The one MILLION dollar question. Photo by Core77.
A Wolff In Designer Clothing
In a city of thousands and thousands of designers, Vanity Fair columnist Michael Wolff might want to look at hiring some protection for the next few weeks. In his role as the “media critic” at last night’s Designism 2.0 event, Wolff told fellow panelists (including Milton Glaser) that “no design” was a better solution than the “banal” work they produce. While his comments elicited anger from the crowd–and more than one Dr. Evil comparison–he injected some much-needed debate to an otherwise self-congratulatory night. As Brian Collins told us later, “That’s why I brought him here.”
Let’s back up a bit though. ihaveanidea liveblogged the evening, opening with crappy weather and an earlier panel we moderated starring Ellen Sitkin, Andrew Sloat, and Ji Lee (who were amazing, by the way, and we wish they could have taken the stage with Wolff at the end to show him some “banal”). Tony Hendra, wearing his WGA strike shirt, gave the annual manifesto with searing wit (a portion of which can be found on the Huffington Post). Then, with Steven Heller moderating, Elizabeth Resnick presented posters from the Graphic Imperative, Janet Kestin presented the Dove Campaign for Real Beauty, and Glaser presented his Darfur campaign and new work for Iraq refugees.
Then It Got Ugly
All the panelists joined Wolff onstage as he line-item lambasted design. The world is full of design, he argued, and everyone is trying so hard to be disruptive that everything disruptive is boring. What’s more, “everyone can do design,” he said. “So everyone should stop it.” While abrasive, it was effective, says Core77’s Robert Blinn says in his review: “Wolff asked the question that none of the designers in the audience truly cared to address: ‘Could anything truly new be said, or were we simply barraging a saturated audience with information they already had?'” Glaser, a gentleman to the end, began his first rebuttal, “I have to respectfully disagree with you.” The crowds roared. Glaser explained, that as he now tries to design campaigns to help causes, it’s less about what it looks like and more about how to get the word out. That’s still “design.”
But as the conversation shifted to the effectiveness of design for social change, the topic became Dove’s Campaign for Real Beauty (ironically spearheaded by Designism ringmaster Collins at BIG) and Kestin took some serious grilling by audience members Laurie Rosenwald and Debbie Millman for not having “ugly” enough girls in the ads talking about poor body image perception. (Later we sat between Rosenwald and Kestin at dinner…awk-ward!) The whole issue about whether or not it was authentic, or just another ad, or even appropriately executed, was battled out on and off stage. Although not exactly the most provocative topic to dwell upon, it did give us the best quote of the night, courtesy Wolff: “Well, I know a lot of ugly people who think they’re really good-looking.”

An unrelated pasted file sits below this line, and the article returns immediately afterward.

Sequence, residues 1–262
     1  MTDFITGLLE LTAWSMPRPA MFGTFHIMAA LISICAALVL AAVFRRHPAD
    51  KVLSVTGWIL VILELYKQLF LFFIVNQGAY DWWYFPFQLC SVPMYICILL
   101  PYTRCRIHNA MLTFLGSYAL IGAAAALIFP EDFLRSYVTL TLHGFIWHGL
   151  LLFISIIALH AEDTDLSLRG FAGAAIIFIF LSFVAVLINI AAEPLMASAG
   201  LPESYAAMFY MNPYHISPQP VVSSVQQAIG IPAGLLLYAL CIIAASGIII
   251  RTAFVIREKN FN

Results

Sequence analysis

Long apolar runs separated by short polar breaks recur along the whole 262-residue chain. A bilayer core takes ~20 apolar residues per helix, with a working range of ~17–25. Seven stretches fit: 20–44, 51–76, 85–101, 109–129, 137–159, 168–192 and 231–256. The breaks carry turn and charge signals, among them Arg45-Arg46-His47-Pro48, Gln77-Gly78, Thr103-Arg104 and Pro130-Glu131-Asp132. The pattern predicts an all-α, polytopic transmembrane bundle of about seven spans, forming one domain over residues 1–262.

The moment of irony that killed us, however, was when Heller asked Wolff what design was powerful to him. Wolff said that the only great moment for design were the posters of the 60’s and 70’s. This was as Glaser, creator of many of them, and founder of another design device during that period, a magazine, that has not only brought about real social change, but also pays at least some of Wolff’s salary, sat right beside him, having just explained work that was every bit as simple, driven and arresting as those posters, but used technology, storytelling and global partnerships. Great, it’s easy to say that “something” different needed to be done, but say that design has never been able to evolve past print work done 40 years ago? That’s ludicrous. We think Wolff should be commissioned to write a review of the upcoming MoMA show, Design and the Elastic Mind, which shows how cutting-edge design is used to bring abstract ideas into the public embrace.
However poorly he presented his case (“He was sloppy,” someone near us said) we can’t say we really disagreed with anything Wolff said (except, of course the “banal” part). Something different does need to happen. Afterwards, in the ACT portion, three groups commanded the mic to pitch their causes–Sappi Ideas that Matter, Corbis’s ADC Award and free images for pro bono projects, and idealist.org–and a new social networking site, Designism Social, will be launched. But were these pitches–sponsors, really–enough to launch anyone into action over the sushi and Sapporos afterwards? We weren’t sure. We guess we have to wait until Designism 3.0
But we did like Wolff’s alternative for blindly leaping into a cause. “Stay home, read a book. Read a lot of books. Then, when the urge becomes irresistible, then do something.” Even Dr. Evil was right sometimes.